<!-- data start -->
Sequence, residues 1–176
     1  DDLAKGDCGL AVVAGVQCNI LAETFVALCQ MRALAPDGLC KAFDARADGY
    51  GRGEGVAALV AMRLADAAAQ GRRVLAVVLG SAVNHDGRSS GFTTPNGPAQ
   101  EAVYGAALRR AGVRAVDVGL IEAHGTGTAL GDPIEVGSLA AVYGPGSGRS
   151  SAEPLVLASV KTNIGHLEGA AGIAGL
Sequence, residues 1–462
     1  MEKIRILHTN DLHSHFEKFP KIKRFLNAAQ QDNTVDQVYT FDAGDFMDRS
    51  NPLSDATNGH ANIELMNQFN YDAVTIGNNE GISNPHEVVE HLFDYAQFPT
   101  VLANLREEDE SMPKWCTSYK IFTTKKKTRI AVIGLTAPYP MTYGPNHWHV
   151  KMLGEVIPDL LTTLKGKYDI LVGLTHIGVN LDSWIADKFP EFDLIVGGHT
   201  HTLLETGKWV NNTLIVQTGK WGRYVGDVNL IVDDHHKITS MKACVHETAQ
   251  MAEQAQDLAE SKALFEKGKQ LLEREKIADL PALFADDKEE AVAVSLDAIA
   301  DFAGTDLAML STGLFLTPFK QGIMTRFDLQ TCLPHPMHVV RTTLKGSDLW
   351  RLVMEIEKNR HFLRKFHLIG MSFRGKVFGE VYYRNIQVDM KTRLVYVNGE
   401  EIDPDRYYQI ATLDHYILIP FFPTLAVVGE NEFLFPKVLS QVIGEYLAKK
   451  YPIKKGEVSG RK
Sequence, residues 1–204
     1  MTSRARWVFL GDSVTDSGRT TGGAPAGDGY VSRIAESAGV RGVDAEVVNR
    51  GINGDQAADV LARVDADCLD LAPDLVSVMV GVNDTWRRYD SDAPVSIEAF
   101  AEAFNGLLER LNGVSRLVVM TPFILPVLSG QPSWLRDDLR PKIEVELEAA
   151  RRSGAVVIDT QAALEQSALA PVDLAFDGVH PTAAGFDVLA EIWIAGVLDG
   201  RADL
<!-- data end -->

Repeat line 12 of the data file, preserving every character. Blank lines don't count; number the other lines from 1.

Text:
   251  MAEQAQDLAE SKALFEKGKQ LLEREKIADL PALFADDKEE AVAVSLDAIA